MultiChoice and Tuks invest in AI skills development

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MultiChoice South Africa CEO, Calvo Mawela

MultiChoice South Africa and the University of Pretoria recently announced a partnership, intended to develop and sustain scarce Artificial Intelligence, and specifically Machine Learning technology skills in South Africa. This partnership will see MultiChoice sponsoring a Research Chair of Machine Learning at the University of Pretoria.

The field of Artificial Intelligence and specifically Machine and Deep Learning is key to the Fourth Industrial revolution and a truly digital future. There is a severe skill shortage worldwide, and even more so in Africa. There are only 6000 PhD’s worldwide, with little experience and 20 000 skilled pool of talent, with 30 per cent of the global pool of talent coming from only six organisations.

MultiChoice has identified opportunities for Artificial Intelligence and specifically Machine and Deep Learning to add value to their business ranging from content selection, automated editing and archiving, content recommendations, natural language processing in their customer care platforms and automated piracy detection to name only a few examples. As this is a very specialised field, partnering with an academic institute, is a forward-looking way to nurture these skills in South Africa.

MultiChoice South Africa CEO, Calvo Mawela said the chair will help MultiChoice to grow its pool of talent in engineering, to help the company build its digital future: “Technology and innovation is part of our DNA as a company, so this is a natural extension to ensure we remain at the forefront of developments. This chair will enable us to tap into the largest and highest internationally ranked local engineering school with an excellent transformation record. And more importantly, we’ll make a significant contribution to South Africa to compete on an international stage in the new digital future.”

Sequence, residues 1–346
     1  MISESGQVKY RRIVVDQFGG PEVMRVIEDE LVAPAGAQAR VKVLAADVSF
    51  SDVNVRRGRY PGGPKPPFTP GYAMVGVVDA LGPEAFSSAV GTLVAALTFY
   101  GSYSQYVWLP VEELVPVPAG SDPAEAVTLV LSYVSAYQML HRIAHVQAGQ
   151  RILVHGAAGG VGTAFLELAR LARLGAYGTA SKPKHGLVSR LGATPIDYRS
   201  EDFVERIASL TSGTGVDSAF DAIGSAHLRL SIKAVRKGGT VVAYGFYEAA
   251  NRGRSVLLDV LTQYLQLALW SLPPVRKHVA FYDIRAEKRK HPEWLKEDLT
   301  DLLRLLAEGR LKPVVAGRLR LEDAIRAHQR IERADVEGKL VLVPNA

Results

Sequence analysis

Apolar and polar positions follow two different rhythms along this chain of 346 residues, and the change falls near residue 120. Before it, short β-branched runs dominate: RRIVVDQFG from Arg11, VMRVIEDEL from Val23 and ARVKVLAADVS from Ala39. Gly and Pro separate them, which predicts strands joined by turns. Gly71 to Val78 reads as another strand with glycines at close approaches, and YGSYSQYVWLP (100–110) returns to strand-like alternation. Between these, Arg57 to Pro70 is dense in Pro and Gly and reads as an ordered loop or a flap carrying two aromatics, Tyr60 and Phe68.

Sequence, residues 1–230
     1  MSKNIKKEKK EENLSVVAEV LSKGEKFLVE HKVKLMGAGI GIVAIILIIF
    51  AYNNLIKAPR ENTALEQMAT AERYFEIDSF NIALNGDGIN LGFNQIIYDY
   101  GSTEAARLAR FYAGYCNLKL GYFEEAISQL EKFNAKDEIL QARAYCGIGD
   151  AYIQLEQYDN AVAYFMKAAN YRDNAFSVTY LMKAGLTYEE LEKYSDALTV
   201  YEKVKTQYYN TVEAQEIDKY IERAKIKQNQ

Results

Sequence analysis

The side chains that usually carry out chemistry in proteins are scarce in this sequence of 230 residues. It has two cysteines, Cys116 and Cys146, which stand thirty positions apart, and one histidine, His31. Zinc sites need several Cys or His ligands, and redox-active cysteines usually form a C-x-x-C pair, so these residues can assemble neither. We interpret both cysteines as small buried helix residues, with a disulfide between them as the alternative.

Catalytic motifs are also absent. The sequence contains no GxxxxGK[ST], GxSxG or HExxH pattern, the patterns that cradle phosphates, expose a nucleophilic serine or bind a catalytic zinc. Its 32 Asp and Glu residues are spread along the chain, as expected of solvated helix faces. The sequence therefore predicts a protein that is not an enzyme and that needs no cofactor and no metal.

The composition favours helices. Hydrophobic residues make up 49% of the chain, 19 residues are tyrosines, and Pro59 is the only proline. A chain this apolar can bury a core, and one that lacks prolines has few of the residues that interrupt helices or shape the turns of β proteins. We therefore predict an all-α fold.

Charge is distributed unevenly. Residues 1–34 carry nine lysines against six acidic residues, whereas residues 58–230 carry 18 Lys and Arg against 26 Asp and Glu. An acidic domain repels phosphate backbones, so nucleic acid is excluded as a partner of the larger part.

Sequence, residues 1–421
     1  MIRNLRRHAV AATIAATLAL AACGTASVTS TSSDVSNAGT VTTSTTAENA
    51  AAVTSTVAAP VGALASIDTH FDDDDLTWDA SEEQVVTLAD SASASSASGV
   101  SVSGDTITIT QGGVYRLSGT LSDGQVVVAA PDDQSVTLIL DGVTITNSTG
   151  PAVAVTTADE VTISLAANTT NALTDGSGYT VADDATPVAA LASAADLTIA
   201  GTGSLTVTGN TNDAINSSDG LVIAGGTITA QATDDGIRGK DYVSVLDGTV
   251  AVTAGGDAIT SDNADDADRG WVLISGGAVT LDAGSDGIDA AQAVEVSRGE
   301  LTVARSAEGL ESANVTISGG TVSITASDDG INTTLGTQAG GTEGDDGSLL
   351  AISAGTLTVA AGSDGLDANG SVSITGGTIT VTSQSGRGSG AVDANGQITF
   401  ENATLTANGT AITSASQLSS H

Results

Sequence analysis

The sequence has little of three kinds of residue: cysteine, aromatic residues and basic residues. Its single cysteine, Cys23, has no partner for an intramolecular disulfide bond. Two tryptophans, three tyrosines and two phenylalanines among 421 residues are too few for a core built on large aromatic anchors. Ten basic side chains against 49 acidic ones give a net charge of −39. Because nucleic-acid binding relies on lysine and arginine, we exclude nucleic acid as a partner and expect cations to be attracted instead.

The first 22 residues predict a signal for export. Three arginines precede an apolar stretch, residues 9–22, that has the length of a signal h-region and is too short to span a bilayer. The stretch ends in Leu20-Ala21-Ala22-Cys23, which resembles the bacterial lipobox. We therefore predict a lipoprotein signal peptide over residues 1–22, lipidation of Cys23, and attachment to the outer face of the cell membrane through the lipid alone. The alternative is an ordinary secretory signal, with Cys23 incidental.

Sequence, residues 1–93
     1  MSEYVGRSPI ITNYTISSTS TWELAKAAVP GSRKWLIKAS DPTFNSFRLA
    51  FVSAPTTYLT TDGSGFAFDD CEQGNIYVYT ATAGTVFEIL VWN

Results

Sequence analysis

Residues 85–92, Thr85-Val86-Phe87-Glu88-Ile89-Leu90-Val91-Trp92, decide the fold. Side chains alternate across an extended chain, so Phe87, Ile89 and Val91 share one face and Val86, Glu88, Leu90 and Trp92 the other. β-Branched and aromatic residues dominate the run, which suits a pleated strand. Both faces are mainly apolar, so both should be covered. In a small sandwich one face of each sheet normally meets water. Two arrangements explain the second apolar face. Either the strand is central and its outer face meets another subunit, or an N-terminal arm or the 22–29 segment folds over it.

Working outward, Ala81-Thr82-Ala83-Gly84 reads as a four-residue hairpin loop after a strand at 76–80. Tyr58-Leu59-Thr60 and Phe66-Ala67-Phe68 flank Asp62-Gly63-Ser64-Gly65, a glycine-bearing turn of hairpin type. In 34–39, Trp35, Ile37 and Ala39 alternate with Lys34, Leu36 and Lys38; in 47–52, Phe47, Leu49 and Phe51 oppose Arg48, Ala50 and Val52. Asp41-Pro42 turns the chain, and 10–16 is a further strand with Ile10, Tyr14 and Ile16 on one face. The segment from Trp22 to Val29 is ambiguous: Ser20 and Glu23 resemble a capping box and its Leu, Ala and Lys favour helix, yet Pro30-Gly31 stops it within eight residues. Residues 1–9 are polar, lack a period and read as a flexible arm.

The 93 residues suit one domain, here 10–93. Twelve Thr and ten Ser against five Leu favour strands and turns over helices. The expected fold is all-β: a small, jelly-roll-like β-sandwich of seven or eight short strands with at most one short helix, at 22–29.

This Research Chair, fully funded by MultiChoice, will act as a bridge between the two partners to guide them on the projects and research topics to be chosen for sponsorship. It will also include awarding bursaries and supporting students at all levels. The projects will range from final year and Honours projects through to Masters and PhD degrees in Engineering, Data Science or Computer Science.

Speaking at the launch of the chair at the University of Pretoria, the Deputy Minister of Higher Education, Buti Manamela said: “Our country is full aboard the Fourth Industrial revolution train, and this chapter, which illustrates the partnership between the private and public sector, is indicative of our commitment to place our country at the Centre of development. Yes, there should be technological advancement and development, and as government, we believe in guiding this in a more people-centred fashion. We are pleased that this is taking shape in this manner. And hope to see many more collaborations between the public and the private sector.”

“Technology is evolving every day on an exponential scale,” said professor Cheryl de la Rey, vice-chancellor and principal from the University of Pretoria. “It’s vital educational institutions invest in researching and educating students about the next waves of technology. We’re thrilled to have found a partner who supports us in developing high-level skills and enhancing technology education in South Africa so as to be at the forefront in the fourth Industrial Revolution.”

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